Single action firing pin problem

Discussion in 'Gunsmithing and Repairs' started by Liam38, Feb 22, 2020.

  1. Liam38

    Liam38 Member

    Feb 19, 2013
    I just bought an uberti cattleman (Colt SAA clone). Its works great except the pin that holds the firing pin in place has fallen out a couple times. So hopefully someone out there knows how i can secure the pin in its position.
  2. dfariswheel

    dfariswheel Member

    Dec 26, 2002
    The cross pin is riveted in place, just like the original Colt SAA.

    To repair it you'll need a small round Dremel type carbide ball cutter and a new cross pin.
    You can make a new cross pin from a proper size drill bit shank.
    DON'T use the original cross pin, it's already too short to use.

    Remove the original cross pin and the firing pin, clean everything up.

    Use the carbide ball cutter to grind a small countersink or "crater" on both sides of the hammer cross pin hole. This small crater doesn't have to be very large, but needs to be larger then the diameter of the pin itself.
    But, don't cut too large a countersink or the rivet won't fill it fully.
    You can put the carbide ball cutter in a pin vise and use it by hand so a Dremel or flex shaft isn't absolutely necessary.

    The countersunk hole is to give the rivet of the cross pin a space to flow down below the level of the hammer surface.
    The reason the cross pin doesn't stay put is because people rivet them without the countersink and the rivet is on the hammer surface.
    When it's ground off to finish, the rivet is ground away and the pin comes loose.

    Cut a section of drill rod longer then the hammer is wide. HOW wide is a judgement call.
    Lube up the firing pin and the hole in the hammer the firing pin fits into.
    Install the firing pin and the new cross pin.

    Put the hammer assembly on a steel bench block or the anvil of a vise and use a small ball peen hammer to slightly rivet over one side of the cross pin using a number of taps instead of a couple of hard blows, then flip it over and rivet the other side.
    Continue flipping the hammer over and tapping with the ball peen until the riveting of both sides of the hammer is complete.
    If you've cut a sufficient countersink on both sides the cross pin rivet will flow down into the countersunk areas and fill the countersinks.

    After getting a good rivet on both sides, use a fine file or a Dremel tool with a stone to CAREFULLY file or grind the excess rivets down nearly flush with the hammer.
    Be careful not to touch the actual hammer, that leaves marks that are hard to remove.

    Then put some wet or dry fine sand cloth on a FLAT surface. A small sheet of thick plate glass works, but any very flat surface will do.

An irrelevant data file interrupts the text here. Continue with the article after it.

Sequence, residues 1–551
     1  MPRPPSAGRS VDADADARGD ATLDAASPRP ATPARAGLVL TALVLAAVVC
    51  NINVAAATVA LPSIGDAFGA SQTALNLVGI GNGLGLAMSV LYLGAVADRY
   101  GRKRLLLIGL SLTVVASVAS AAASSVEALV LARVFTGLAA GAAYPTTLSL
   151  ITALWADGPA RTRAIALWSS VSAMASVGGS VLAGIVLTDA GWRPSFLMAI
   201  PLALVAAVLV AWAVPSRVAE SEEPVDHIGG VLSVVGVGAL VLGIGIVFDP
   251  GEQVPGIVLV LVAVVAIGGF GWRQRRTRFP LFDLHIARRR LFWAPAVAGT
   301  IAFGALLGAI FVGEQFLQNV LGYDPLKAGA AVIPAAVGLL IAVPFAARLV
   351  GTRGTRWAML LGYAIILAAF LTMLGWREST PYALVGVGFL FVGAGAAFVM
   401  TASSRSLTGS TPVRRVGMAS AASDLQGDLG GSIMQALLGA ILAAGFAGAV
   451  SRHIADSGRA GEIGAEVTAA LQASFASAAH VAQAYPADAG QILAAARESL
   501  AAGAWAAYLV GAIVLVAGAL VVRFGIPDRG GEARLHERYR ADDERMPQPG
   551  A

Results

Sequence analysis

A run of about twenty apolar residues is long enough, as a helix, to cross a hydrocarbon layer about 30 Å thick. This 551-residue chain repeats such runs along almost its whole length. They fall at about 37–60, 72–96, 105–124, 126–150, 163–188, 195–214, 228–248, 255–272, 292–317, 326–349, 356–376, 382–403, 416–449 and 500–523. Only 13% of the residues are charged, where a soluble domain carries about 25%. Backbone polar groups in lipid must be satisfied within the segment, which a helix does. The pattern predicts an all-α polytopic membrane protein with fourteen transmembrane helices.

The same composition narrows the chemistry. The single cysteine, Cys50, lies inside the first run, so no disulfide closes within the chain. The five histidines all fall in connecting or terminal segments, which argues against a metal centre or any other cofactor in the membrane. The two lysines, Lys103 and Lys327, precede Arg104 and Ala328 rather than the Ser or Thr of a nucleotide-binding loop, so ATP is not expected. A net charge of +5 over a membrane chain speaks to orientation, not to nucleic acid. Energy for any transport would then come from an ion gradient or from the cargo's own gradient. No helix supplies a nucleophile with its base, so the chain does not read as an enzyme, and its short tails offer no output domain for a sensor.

Put the hammer on the abrasive, press it down and push it away from you across the abrasive a few times, lifting it off the surface every pass to reposition it on the front edge of the abrasive.
    Every few strokes turn the hammer around so the other end is facing away and continue pushing and rotating the hammer.
    Pushing it across the abrasive and lifting it back to the front prevents making circular scratches in the hammer as it will if you just slide it back and forth.

    The idea is to sand down the cross pin rivet until it's perfectly flush with the hammer and the pin seems to disappear.
    Rotating the hammer prevents sanding one end down more then the other.
    This also puts the proper bright grained finish on the hammer sides.

    Once the pin is perfectly flush and the side of the hammer is smooth and bright, flip the hammer over and do the other side.

    Clean everything up and apply your lubricant of choice and it's done.
    If you got a good countersink and a good rivet on the ends of the cross pin the pin will be very difficult to see and it won't come loose.
    boom boom, 243winxb and earlthegoat2 like this.
  3. Liam38

    Liam38 Member

    Feb 19, 2013
    Thanks for your help, i should have the tools to do it so i just might
  4. Varminterror

    Varminterror Member

    Jul 17, 2016
    Yup - peen ‘da pin...
  5. 243winxb

    243winxb Member

    Jul 7, 2004
    Hopewell Big Woods.
    The S&W M28 hammer nose is replaced using almost the same method. But uses a lot softer rivet & more flare. More swaging then peen.

    Light peening on this one. Screenshot_20200228-073701.jpg
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